Wednesday, April 22, 2009

The modern corporation is dead

General Motors reinvented the modern corporation in the 1920s. Today, GM is facing the end of business as usual, to put it mildly.

Many people think that Toyota’s famous just-in-time production system is to blame. And it is a fact that GM, Ford, and Chrysler never implemented just-in-time completely, except in a few of their factories. I should know. I was a member of Ford’s Lean Advisory Board, together with a bunch of Shingo Prize winners that included the venerable John Shook. We watched in horror as Ford, under CEO Jacques Nasser, swerved sharply from its commitment to its new Ford Production System (shaped in the image of Toyota) and turned to the false God of Six Sigma.

Frankly, even if the American automakers had implemented the Toyota Production System—or, for that matter, Six Sigma—in every one of their plants, they still would not have been able to beat Toyota, with or without all their extra healthcare costs. The reason is Toyota’s secret weapon: it’s management control system.

The history of management control is fascinating, and necessary to understand before one can make any sense at all of Detroit’s meltdown. The first such system we normally learn about is the Division of Labor, in which individual entrepreneurs controlled production by farming it out in pieces to relatively unskilled workers, who displaced more highly skilled and expensive craftsmen. The Division of Labor underpinned the so-called Factory System, which began in Great Britain in the 1700s and became a linchpin of America’s meteoric economic growth.

The Factory System persisted until the mid-1800s, when the challenges of building of the transcontinental railroads necessitated a new control system, one based upon the military command-and-control model of the Prussian General Staff. In 1844, the longest railroad line operated by individual entrepreneurs in the United States, was a mere 50 miles long. After the adoption of the Prussian line-and-staff model, railroads grew to 5,000 miles long. What made the difference was not a leap in railroad technology, but a leap in management control. Big Business could operate at a great distance because of the telegraph, of course, but mainly because of standardization enforced by a Chief Executive Officer and a staff of specialists that we still rely on today: marketing and sales, finance, production, engineering…. The CEO and his staff had displaced the humble entrepreneur, and the modern corporation was born.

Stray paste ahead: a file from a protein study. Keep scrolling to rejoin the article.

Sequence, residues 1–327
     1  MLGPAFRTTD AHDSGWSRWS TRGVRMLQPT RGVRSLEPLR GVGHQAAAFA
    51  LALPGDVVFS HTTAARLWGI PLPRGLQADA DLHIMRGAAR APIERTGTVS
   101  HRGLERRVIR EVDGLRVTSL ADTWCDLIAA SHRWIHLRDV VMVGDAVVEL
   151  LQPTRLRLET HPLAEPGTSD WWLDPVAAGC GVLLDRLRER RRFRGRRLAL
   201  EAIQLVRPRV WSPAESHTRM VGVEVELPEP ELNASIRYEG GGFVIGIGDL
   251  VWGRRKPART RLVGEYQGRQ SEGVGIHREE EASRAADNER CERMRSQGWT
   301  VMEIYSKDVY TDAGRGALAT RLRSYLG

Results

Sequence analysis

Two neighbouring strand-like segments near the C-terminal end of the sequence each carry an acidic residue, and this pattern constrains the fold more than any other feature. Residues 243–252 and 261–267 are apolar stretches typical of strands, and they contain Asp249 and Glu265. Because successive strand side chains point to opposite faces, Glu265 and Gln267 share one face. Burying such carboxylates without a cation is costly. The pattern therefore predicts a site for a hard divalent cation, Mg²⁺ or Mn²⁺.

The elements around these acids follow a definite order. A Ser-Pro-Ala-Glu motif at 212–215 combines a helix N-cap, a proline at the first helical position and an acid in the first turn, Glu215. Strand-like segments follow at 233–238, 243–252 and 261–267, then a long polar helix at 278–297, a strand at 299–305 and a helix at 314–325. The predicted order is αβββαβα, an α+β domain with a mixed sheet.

General Motors’ brilliant CEO, Alfred Sloan, displaced the Prussian model between 1921 and 1927 with a model of decentralized corporate divisions (Chevrolet, Buick, Pontiac, Oldsmobile, Fisher Body, Cadillac) each under the control of its own, Prussian-style leader and supporting staff. How did Sloan control his new generals? Around the CEO, Sloan installed a large staff of financial experts, who managed the divisional presidents through a system of financial targets and internal audits that evolved into today’s management accounting.